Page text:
What are your feelings about "human engineering"-that is, changing person intelligence or personality by using science? Explain your opinion, providing reasons and examples from the story as well...

What are your feelings about "human engineering"-that is, changing person intelligence or personality by using science? Explain your opinion, providing reasons and examples from the story as well as your own ideas and experiences to support your answer.

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misstemple1261 eNotes educator| Certified Educator

After reading Flowers for Algernon, I see the terrible  human impact of “personality engineering.” I see that Charlie suffered incredible emotional trauma after being manipulated by personality engineering. I see that he felt a lack of control over his own life due to the shifting effects of the experiment and came to rebel against the very scientists who thought they were his saviors. His escape from Dr. Strauss and Dr. Nemur illustrates this. I also infer that personality engineering is harmful not only to its subject, but to the subject’s family, friends, and loved ones. These people may be shocked and hurt by changes in the person they loved. Alice Kinnian’s character arc illustrates this. She originally supported Charlie’s operation but quickly became overwhelmed and confused by her friend’s new personality. Since Keyes so readily persuades me to sympathize with his main character, after only reading Flowers for Algernon, I might have a dim view of personality engineering.

However, as you answer this question, it’s important to separate science fiction from fact. We are likely hundreds, if not thousands, of years away from a scientific breakthrough that would mimic the exponential intellectual growth that redefined Charlie’s personality. There are government regulations, as well as self-imposed moral rules, that make it impossible for scientists to tinker with a person’s personality in the same way as Dr. Strauss and Dr. Neumor manipulate Charlie’s thoughts and behaviors. To delve deeper into this question, I would urge you to think of less extreme real-life examples that could be classified as “human engineering.” For example, a large percentage of the population takes medication to alleviate medical problems such as ADHD, bipolar disorder, PTSD, and many other ailments. I would tentatively classify these as “human engineering” through science. These medications change how people feel inside and present themselves to the world. Many people are incredibly grateful that these medications exist and would suffer intensely without them. In these situations, many commentators may argue that modifying a person’s personality through science is a moral action that decreases pain and improves an individual's quality of life.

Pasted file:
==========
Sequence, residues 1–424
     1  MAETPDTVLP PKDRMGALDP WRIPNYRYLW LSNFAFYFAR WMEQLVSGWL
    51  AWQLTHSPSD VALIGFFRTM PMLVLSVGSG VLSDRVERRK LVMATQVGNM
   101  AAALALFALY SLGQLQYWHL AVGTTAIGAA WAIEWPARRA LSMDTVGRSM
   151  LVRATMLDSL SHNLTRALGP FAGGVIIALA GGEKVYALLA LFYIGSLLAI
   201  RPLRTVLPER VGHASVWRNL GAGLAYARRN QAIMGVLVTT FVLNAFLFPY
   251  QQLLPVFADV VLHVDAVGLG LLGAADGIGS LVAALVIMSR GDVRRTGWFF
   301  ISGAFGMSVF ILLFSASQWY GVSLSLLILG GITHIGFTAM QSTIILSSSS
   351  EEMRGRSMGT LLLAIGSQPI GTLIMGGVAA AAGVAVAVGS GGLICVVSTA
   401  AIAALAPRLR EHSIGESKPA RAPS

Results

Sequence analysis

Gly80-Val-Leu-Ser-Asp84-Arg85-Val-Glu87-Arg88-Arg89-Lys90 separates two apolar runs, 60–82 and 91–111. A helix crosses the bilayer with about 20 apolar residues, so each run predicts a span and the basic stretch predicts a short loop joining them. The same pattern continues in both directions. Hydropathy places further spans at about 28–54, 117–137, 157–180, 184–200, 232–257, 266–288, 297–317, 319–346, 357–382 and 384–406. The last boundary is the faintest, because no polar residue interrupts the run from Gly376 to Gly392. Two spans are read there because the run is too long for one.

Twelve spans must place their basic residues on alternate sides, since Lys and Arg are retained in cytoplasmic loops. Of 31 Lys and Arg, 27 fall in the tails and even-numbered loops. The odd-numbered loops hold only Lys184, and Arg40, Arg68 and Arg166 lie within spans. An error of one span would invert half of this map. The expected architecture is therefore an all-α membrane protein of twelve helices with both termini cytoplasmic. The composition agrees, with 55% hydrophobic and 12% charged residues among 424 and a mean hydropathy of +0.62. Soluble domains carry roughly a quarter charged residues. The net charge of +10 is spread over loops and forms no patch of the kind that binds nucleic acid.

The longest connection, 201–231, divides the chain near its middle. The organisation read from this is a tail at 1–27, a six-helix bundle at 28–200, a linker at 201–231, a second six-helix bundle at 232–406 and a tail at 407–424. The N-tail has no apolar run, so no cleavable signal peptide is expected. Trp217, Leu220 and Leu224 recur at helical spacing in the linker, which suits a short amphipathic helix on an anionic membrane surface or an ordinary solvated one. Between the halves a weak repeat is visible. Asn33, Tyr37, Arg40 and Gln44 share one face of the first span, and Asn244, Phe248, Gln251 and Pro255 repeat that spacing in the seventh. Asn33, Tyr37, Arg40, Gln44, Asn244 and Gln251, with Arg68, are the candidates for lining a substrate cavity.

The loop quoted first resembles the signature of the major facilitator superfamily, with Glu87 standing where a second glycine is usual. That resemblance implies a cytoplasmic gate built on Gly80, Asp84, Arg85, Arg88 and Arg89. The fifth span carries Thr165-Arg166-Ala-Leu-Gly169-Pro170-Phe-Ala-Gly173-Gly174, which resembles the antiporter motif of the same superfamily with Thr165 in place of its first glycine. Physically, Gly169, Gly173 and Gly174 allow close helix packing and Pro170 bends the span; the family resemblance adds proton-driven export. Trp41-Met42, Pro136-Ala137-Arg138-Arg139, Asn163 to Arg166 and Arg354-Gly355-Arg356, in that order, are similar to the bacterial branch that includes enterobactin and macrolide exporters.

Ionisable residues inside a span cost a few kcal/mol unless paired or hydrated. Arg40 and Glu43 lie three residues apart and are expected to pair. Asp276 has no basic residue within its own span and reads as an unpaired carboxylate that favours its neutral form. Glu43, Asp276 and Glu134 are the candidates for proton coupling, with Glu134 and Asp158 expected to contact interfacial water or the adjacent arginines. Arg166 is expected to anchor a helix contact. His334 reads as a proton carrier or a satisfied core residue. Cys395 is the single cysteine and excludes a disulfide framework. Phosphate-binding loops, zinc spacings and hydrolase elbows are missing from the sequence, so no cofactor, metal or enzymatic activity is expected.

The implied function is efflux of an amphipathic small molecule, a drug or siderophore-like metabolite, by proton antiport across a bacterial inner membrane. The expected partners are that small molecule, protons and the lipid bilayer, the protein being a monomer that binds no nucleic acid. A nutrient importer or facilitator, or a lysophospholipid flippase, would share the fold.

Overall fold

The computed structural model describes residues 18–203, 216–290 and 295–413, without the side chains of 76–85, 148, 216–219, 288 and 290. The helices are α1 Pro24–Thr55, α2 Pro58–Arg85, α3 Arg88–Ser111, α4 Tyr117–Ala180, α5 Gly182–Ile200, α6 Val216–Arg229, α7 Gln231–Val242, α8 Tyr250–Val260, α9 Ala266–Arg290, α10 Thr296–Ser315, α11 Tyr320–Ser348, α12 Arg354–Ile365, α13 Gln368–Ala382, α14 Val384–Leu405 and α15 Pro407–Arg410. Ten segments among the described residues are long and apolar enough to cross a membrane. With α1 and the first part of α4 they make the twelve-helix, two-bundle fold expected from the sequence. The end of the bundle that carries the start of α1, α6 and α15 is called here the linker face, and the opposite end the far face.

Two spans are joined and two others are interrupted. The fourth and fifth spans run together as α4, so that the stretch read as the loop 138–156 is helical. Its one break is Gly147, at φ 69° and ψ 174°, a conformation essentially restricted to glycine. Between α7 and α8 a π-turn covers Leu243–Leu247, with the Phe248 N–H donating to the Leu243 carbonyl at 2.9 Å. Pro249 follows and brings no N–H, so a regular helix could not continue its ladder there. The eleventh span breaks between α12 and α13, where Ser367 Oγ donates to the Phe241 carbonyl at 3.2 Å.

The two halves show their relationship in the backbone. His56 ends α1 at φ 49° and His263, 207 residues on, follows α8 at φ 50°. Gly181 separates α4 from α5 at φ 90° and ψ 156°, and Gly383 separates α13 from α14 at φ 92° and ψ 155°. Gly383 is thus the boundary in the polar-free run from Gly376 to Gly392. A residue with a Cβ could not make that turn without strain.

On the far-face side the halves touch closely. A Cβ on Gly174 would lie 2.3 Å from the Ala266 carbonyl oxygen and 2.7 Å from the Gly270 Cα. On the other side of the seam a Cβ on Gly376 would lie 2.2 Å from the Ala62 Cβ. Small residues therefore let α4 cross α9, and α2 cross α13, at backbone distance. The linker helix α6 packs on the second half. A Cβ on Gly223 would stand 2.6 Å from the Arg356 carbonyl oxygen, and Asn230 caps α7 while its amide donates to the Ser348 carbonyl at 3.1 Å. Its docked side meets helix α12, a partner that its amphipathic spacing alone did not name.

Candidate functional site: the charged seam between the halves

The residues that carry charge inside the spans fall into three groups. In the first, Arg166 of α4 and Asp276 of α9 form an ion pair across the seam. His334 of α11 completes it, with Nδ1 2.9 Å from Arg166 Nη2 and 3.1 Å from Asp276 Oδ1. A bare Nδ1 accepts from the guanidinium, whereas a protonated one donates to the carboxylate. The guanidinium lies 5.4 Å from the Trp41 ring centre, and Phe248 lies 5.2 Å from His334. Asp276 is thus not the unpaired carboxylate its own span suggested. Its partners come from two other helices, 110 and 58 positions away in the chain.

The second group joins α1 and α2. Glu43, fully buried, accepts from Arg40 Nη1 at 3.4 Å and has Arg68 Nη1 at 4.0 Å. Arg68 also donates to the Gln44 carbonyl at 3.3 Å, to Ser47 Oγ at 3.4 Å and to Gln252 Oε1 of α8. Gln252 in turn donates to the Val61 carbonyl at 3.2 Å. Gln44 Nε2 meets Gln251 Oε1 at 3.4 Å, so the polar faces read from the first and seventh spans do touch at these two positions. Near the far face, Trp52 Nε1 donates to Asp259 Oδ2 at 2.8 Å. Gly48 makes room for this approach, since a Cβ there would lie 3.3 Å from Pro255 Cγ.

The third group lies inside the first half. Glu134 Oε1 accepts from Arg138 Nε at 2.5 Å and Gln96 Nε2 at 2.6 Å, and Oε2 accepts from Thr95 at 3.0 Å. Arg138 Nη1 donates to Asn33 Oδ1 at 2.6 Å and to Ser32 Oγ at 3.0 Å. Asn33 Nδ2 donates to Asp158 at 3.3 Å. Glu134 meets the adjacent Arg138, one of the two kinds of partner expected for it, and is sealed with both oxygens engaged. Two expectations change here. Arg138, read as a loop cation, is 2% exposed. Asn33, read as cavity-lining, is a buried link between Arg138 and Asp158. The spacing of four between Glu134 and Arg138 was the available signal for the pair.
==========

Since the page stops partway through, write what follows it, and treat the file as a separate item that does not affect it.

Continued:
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Flowers for Algernon

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